Looking out the window of a tram, I saw a girl sitting on the front steps of a block of grey-brick units. She looked about thirteen and was crying with abandon. Her face was red and she had what might have been blue ink smudged across her arms and cheeks.
According to the AP website, the organisation’s primary aim is to ‘promote excellence in Australian poetry’. If so, AP should desist from further bringing poetry into the so-called mainstream.
Ali Alizadeh makes the case that bringing poetry into the mainstream is incompatible with excellence in the art form, that it would turn poetry into a degraded commodity, that the mainstream is a wholly horrid and irredeemable thing. On these points I disagree.
Robert Lukins’ argument is redolent with over-sentimental symbolism, jargon of motivational speaking, discourse of self-help culture and PR clichés.
The publishing industry has never been a convincing example of sound business logic. Even before a page is printed, vast amounts of time and sums of money are spent without any guarantee that anyone will like – much less buy – the eventual product.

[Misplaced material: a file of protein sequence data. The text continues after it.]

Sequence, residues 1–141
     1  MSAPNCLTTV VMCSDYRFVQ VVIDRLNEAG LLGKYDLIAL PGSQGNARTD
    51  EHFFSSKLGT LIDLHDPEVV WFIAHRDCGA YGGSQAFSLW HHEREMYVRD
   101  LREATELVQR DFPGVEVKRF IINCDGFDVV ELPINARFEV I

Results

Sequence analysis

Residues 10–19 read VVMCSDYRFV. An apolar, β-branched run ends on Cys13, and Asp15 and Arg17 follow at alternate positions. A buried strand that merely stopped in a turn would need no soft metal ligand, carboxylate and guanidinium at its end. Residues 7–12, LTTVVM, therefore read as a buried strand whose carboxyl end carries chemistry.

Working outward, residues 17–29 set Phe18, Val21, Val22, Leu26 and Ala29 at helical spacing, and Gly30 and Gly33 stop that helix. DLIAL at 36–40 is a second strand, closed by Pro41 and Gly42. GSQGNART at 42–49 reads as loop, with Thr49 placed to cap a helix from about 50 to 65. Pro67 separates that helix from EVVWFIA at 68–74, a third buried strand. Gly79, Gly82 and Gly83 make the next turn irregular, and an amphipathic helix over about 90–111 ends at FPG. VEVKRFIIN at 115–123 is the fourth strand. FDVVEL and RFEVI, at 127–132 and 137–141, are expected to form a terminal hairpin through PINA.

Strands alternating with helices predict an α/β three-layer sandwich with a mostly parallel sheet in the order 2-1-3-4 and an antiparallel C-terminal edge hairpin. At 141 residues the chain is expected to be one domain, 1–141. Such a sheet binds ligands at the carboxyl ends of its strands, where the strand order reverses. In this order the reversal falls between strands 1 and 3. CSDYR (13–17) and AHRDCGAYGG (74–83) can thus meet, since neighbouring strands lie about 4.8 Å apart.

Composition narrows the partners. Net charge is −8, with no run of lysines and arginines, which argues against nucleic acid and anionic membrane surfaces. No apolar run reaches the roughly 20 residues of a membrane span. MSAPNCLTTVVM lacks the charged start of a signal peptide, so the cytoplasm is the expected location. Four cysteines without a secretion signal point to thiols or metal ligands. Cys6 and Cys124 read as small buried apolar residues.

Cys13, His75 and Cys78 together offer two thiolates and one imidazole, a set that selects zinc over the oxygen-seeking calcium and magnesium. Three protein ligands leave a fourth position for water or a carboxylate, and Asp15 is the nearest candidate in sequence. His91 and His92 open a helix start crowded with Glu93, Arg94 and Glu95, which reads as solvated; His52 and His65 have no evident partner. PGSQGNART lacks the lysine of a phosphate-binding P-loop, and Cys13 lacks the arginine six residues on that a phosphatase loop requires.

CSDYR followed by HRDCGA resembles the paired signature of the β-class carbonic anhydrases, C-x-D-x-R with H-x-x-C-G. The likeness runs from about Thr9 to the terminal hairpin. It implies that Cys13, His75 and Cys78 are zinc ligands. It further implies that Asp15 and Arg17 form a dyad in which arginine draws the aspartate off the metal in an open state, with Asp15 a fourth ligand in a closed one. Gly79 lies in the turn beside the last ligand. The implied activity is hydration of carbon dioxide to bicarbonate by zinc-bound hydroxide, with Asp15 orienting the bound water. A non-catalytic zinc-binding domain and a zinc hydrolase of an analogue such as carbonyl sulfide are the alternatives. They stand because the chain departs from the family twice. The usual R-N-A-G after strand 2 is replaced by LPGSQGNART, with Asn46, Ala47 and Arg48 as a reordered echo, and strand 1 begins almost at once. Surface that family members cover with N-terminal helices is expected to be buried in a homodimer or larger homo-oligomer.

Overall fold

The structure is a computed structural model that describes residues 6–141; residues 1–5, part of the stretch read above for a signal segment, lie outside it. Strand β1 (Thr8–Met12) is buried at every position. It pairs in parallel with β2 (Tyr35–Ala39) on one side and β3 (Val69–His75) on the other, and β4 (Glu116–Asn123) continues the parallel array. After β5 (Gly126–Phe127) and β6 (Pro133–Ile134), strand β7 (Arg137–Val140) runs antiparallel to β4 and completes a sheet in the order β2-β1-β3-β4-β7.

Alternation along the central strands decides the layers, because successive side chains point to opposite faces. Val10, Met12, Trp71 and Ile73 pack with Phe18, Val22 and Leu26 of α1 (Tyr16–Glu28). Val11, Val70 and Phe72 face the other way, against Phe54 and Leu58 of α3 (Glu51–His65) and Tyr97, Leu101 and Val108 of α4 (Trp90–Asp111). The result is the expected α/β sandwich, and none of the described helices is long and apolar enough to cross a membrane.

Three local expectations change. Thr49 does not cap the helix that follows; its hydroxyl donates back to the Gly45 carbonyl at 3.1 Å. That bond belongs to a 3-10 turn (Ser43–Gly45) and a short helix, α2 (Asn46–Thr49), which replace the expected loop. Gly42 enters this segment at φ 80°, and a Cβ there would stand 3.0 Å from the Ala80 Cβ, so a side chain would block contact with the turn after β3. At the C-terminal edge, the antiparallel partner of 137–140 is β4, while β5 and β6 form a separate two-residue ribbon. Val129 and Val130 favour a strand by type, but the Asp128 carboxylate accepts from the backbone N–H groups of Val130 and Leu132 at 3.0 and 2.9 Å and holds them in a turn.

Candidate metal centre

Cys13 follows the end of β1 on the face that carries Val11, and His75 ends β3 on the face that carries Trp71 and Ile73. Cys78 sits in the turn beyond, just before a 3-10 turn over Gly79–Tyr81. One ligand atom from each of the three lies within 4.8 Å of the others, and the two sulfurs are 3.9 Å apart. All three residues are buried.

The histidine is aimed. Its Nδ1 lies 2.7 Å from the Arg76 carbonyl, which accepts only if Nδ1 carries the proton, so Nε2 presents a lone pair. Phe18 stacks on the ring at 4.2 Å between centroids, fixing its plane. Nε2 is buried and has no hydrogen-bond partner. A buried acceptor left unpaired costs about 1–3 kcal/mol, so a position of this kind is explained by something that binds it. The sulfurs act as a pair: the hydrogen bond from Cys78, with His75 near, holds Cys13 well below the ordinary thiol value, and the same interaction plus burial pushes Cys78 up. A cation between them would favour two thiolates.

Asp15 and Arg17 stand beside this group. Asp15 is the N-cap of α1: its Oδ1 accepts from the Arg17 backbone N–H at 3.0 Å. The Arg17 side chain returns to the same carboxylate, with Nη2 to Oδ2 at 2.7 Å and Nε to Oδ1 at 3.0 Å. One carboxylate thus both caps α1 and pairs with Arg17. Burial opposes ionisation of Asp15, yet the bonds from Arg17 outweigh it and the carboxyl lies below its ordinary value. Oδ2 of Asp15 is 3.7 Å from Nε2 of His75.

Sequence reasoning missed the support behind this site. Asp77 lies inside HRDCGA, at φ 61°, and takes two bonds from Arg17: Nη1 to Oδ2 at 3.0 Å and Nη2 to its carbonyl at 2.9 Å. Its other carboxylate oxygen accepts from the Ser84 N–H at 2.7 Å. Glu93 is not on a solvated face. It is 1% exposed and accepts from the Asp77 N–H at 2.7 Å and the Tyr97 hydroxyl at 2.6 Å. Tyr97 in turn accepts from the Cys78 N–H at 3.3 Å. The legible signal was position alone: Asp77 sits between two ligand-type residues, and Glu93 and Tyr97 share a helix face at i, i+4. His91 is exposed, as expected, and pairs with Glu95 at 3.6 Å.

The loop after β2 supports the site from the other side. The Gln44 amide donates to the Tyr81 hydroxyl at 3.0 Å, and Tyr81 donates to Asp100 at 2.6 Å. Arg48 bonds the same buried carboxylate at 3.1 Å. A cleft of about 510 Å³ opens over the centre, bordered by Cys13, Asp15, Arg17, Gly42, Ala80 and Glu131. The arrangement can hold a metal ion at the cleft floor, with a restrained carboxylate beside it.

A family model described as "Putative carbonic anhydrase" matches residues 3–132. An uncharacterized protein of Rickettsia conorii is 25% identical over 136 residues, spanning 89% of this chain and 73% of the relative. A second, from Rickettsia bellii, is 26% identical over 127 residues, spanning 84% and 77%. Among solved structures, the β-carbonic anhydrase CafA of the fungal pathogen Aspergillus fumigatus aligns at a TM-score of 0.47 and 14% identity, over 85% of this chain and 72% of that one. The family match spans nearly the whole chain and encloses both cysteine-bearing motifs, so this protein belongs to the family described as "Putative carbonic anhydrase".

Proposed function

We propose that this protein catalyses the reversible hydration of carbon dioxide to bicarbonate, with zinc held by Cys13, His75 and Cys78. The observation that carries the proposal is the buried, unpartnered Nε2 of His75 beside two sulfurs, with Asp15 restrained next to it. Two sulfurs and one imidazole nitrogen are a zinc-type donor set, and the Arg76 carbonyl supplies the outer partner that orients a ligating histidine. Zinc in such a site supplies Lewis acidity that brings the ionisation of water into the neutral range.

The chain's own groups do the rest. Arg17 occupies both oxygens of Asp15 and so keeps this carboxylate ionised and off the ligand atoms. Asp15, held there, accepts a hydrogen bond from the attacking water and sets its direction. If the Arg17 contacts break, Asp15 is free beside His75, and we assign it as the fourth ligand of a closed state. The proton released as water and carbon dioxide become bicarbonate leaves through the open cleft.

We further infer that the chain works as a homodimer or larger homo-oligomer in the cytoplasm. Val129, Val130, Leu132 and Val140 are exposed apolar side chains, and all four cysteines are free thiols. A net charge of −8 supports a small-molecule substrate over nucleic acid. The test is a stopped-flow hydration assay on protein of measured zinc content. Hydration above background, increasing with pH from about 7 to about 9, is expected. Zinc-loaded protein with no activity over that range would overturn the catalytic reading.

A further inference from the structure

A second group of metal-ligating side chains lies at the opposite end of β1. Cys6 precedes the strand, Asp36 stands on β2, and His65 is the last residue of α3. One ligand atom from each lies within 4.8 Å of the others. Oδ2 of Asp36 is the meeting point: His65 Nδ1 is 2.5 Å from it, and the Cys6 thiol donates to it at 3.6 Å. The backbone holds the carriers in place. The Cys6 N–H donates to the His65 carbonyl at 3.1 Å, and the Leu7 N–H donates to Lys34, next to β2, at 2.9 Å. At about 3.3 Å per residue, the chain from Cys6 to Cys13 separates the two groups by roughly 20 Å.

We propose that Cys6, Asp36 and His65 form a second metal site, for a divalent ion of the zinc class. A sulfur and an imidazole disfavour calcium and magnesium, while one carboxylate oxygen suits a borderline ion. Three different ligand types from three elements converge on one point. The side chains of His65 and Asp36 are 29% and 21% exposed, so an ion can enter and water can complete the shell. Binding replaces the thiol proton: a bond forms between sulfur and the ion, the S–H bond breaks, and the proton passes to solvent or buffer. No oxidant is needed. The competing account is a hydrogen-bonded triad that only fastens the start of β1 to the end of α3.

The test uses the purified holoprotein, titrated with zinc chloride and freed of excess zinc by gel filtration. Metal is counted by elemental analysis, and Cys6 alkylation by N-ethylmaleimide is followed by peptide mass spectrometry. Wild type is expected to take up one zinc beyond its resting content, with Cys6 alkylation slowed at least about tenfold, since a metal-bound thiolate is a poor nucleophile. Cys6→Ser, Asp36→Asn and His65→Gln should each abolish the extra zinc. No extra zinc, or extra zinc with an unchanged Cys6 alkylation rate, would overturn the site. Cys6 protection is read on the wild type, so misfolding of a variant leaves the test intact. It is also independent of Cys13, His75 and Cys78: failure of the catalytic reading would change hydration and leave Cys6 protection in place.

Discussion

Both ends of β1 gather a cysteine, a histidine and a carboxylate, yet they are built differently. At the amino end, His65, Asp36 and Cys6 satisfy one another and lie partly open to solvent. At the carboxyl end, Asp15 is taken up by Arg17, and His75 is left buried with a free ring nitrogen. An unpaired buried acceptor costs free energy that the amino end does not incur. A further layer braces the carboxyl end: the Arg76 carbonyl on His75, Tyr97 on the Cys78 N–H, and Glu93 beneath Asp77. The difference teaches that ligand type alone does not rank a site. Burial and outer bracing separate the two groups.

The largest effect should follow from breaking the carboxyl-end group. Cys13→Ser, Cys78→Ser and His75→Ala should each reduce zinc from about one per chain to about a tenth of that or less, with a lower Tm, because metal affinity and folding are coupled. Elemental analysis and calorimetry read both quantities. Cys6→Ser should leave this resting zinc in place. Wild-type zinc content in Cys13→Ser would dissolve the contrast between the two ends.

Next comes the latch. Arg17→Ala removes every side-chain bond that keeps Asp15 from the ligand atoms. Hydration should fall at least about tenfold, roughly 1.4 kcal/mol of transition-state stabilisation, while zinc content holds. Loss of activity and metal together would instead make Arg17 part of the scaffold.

For decades, the model was accepted as a happy marriage between art and commerce. But something happened in the 1960s that began a transformation of the book publishing business: the industry was bought up bit-by-bit by conglomerate media corporations and the economic imperatives of the global free market encroached on the trade, imposing alien business norms.
1: seca Australia, fat fucking traitor hijo de puta spawn of all the mines and the mula the filthy fonts fijate skinny
Arrange it and throw it away – the morning’s slow progress, clouds building, sunlight
Jennifer Maiden woke up in The Lodge during National Poetry Week. The PM’s popularity ratings had dipped
The venetians creak – fog’s tonnage. Condensation gasps on glassy corners, gloomy Xmas
missing being winched onto the toilet seat hi jinx in the nursing home
Set off later than we meant to. At home, we’d been nagging about dishes,
shopping lists, the bike with the chain hanging.
[E]ither destroy the embryo in the womb, or cast it off when born Mary Wollstonecraft, 1792 No light streamed through the shutters when I woke this morning. I knew you had taken root this past night. I felt
History is the heavy. The Azure Dragon lives in a world woven by ration and romantics. It’s easiest to capture things that don’t move.
Is this lunch definitive? If I were Manet it would be. The cows are thin, corrugated & still. Small, singular observations are reassuring,
Calling out in an underground parking garage in Ottawa or Montreal, but I tell you no-one was lost. At least I wasn’t. Then how was it we ended up on St Kilda beach later that morning,
At school I’m the outgoing kinda guy who sits all alone like a stump at the back of the classroom,
I followed Darwin’s Walk again this evening to the falls, from the ridgetop’s open forest,
desire creates the hollow in which the bird can roost to what is not I add you a song yet looking for its truth